The Malta Independent 24 October 2020, Saturday

Daphne public inquiry - Mario Cutajar attended Security Committee meetings, MSS head says

Wednesday, 22 January 2020, 14:01 Last update: about 10 months ago

The principal permanent secretary, Mario Cutajar, attended meetings of the Security Committee, the head of the Malta Security Services, Joseph Bugeja, said today.

He was testifying before the public inquiry into the assassination of Daphne Caruana Galizia. Most of the sitting was held behind closed doors.

Mr Justice Emeritus Michael Mallia is Chairperson of the inquiry, with Chief Justice Emeritus Joseph Said Pullicino and Judge Abigail Lofaro as members.


The inquiry was set up to determine, among other things, whether any wrongful action or omission by, or within, any State entity facilitated the assassination or failed to prevent it.

It is also to establish whether the State had and has in place effective criminal law provisions and other practical means to avoid the development of a de facto state of impunity through the frequent occurrence of unresolved criminal acts and to deter the commission of serious criminal offences.

The Caruana Galizia family is represented by Jason Azzopardi and Therese Comodini Cachia.

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2.28pm: The media has been asked to leave the courtroom. The session will now continue behind closed doors. Another sitting will be held on Friday, but the media will not be allowed to follow.

2.27pm: Jason Azzopardi now asks about reports from November 2017 that Chris Cardona had met Alfred Degiorgio, one of the three men accused with the murder,, but he is stopped by Judge Mallia, who states that it is a specific question and will be answered behind closed doors.

2.25pm: Therese Comodini Cachia asks whether head of the civil services Mario Cutajar was ever present at Security Committee meetings, to which Bugeja responds in the affirmative.  Jason Azzopardi points out that the Principal Permanent Secretary's presence is not stipulated in the law, meaning that he should not be there.  Bugeja notes that as far as he knows, it is stipulated in law.

2.24pm: Bugeja states that the relationship between the Security Services and the police is a good one. Judge Mallia asks whether there are any particular officers he would communicate with.  Bugeja replies that it would depend on the case - if it is a drugs case, he would communicate with the head of the drugs squad. He explains that they would not necessarily inform the police commissioner of what they are doing.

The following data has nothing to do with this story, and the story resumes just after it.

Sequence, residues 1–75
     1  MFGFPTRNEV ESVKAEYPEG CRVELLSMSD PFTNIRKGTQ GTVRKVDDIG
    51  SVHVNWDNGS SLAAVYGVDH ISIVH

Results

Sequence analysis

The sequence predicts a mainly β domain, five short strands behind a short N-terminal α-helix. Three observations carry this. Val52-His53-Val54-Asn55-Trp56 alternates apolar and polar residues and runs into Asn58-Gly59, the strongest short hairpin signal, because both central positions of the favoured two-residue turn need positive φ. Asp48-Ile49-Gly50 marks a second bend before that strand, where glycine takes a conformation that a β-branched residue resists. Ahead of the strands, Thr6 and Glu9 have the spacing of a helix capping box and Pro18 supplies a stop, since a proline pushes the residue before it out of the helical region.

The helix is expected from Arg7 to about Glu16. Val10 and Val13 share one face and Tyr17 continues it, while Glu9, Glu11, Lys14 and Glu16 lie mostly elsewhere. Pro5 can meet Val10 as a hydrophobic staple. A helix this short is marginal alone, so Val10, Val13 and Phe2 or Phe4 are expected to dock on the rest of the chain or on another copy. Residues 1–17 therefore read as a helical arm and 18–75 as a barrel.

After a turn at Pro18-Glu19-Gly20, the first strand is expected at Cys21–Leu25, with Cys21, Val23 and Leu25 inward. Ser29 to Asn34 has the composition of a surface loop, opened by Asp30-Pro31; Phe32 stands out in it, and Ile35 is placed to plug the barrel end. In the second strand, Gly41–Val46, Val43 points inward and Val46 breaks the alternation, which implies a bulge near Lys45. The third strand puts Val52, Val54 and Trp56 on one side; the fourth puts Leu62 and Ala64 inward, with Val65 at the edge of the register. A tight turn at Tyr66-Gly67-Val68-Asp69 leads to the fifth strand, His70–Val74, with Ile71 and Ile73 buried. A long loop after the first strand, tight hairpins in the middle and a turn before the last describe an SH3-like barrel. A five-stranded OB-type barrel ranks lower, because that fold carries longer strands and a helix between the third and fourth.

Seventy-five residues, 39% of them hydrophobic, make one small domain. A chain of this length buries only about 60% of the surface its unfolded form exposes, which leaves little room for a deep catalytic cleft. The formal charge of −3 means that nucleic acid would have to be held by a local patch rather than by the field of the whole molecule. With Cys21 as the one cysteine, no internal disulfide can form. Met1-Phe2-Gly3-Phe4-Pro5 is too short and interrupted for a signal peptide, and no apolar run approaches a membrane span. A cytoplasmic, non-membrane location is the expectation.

2.22pm: Judge Mallia asks what would happen if they find that a private citizen is under threat, whether they would take initiative to act. Bugeja replies in the affirmative.

2.21pm: Madam Justice Lofaro asks whether any organisation can ask for a phone to be intercepted.  Bugeja replies that a report is always needed for this to happen, at which point the information of validated before. If it is found that there are enough grounds for further investigation, the signature of the minister is sought and if there is the need, the organisation is then informed of the contents of the interception.

2.19pm: Bugeja explains that there is the Security Committee on which sits the Prime Minister, Opposition Leader, Home Affairs Minister, and the Principal Permanent Secretary.  He states that he tables a report penned by to them each other which is penned by a Commissioner, in this case Judge Valenzia, which is eventually made public and provides very general details as to how the Service has worked.  Madam Justice Lofaro asks if there is a more detailed report presented, to which Bugeja states that he does present a detailed report but that it would not contain any names or operations.  Those are kept to himself and his employees only, he says.

2.17pm: Judge Said Pullicino asks how many employees the unit has, and Bugeja says that he prefers not to answer. Said Pullicino asks about the procedure that is followed within the Service, to which Bugeja again says that he prefers to answer behind closed doors.

2.15pm: He explains that as head of Security Services he sees that security operations move as smoothly as possible; that they protect national interests against terrorism, espionage, organised crime, all for the well-being of the public. He says that since they have some capabilities which only they have, they are asked by other entities - sometimes even overseas - to carry out certain jobs.

2.14pm: Bugeja says that he has been in his post since December 2014.

2.13pm: Judge Mallia notes that they will ask general questions, while the specific will be left to be heard behind closed doors.

2.12pm: Joseph Bugeja takes the stand.

2.10pm: The judges have walked in.

2.03pm: As always, Daphne's parents are attending the sitting.

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